The Chalice War: Cauldron, the second volume in my new Celtic-themed urban fantasy, will be released tomorrow by Bell Bridge Books. And to get you a bit more excited about the release, I offer a new teaser — my hero’s first encounter with the Celtic sea god, Manannán mac Lir. Enjoy!!
While Carrie continued her conversations, Riann wandered up the strand. Near a rock pool, she came upon a man who sat in a rickety lawn chair, an ancient Billabong baseball cap on his head, and two fishing poles set in rod holders before him. A dory rested at the tideline a short distance away, its wood worn and badly in need of fresh paint.
Or so she thought at first glance.
When she glimpsed it from the corner of her eye, the boat looked quite different. It was golden and perfect. She halted and stared straight at the vessel; once again, it appeared to be a battered old rowboat.
She wheeled to face the man. “What—”
His smile stopped her.
He was gorgeous. His chin and cheeks were grizzled, and the corners of his emerald eyes crinkled. He had a dimple on one side, and his hair stuck out from beneath his hat, hanging down to the base of his neck. He wore khaki cutoffs and a stained, torn short-sleeved shirt, unbuttoned to reveal a tanned and toned chest and belly, lightly covered with fine silver curls. She had been with men and women, and she preferred the latter. But she would have taken this man to her bed without hesitation.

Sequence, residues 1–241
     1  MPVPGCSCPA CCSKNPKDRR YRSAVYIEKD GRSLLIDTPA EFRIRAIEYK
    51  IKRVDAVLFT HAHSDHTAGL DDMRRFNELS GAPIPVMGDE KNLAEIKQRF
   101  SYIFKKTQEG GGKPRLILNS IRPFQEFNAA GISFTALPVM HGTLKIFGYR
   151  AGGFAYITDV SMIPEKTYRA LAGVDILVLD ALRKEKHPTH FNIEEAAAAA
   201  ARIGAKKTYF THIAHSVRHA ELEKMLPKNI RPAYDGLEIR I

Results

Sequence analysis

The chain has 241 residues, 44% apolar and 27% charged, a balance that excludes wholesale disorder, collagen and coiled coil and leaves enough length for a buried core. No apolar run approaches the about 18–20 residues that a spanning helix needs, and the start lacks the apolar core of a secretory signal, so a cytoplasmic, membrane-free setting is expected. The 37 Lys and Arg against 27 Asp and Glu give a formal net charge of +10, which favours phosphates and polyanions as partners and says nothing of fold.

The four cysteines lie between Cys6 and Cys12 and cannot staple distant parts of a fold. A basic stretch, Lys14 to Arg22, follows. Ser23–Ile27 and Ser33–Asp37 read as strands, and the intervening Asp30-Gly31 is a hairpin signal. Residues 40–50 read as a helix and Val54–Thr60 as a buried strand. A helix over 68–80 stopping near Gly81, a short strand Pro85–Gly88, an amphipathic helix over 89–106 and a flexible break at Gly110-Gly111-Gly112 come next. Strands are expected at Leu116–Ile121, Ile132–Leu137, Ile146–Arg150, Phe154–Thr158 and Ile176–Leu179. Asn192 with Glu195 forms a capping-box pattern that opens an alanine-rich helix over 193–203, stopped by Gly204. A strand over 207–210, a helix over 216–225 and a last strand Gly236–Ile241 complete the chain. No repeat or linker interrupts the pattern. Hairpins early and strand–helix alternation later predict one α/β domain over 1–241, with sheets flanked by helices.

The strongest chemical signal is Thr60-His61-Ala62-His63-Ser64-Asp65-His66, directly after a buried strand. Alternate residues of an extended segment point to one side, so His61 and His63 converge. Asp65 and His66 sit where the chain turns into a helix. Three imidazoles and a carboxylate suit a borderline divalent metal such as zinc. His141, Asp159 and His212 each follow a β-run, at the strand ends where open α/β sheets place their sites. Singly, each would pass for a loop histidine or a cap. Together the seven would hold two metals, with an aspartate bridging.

And he seemed to know it.
“You like my boat?” he asked in a soft Irish burr, his voice a warm tenor.
She eyed the dory again, then averted her gaze slightly, enough to see it turn golden once more.
“I don’t understand,” she said, facing him.
“Of course you do, love. You understand perfectly.” He nodded at Quinn, who stood beside her. “Your conduit is beautiful. May I?”
Before she could answer, he clicked his tongue and held out a hand, palm up. Quinn strained to reach him. Riann released the leash, unsure of why she did it. Quinn trotted to the man and sat in front of him, allowing him to scratch her ears and neck.
“Aye, a fine creature.” He regarded her. “You’re Michael Donovan’s girl, aren’t you?”
She gaped, but took a step toward him. “You knew my father?”
“Aye, love. He was a good man. His death was a terrible loss for all in the magical world.”
Riann stole a glance at Carrie, started and looked again, then turned a quick circle. A soft wind blew off the water, cooling the day, and the surf surged and retreated as always. Silver gulls circled and cried, and a sea eagle flew past, clutching a fish in its talons. But every person on the beach and the sidewalk had frozen in place, as if time had stopped.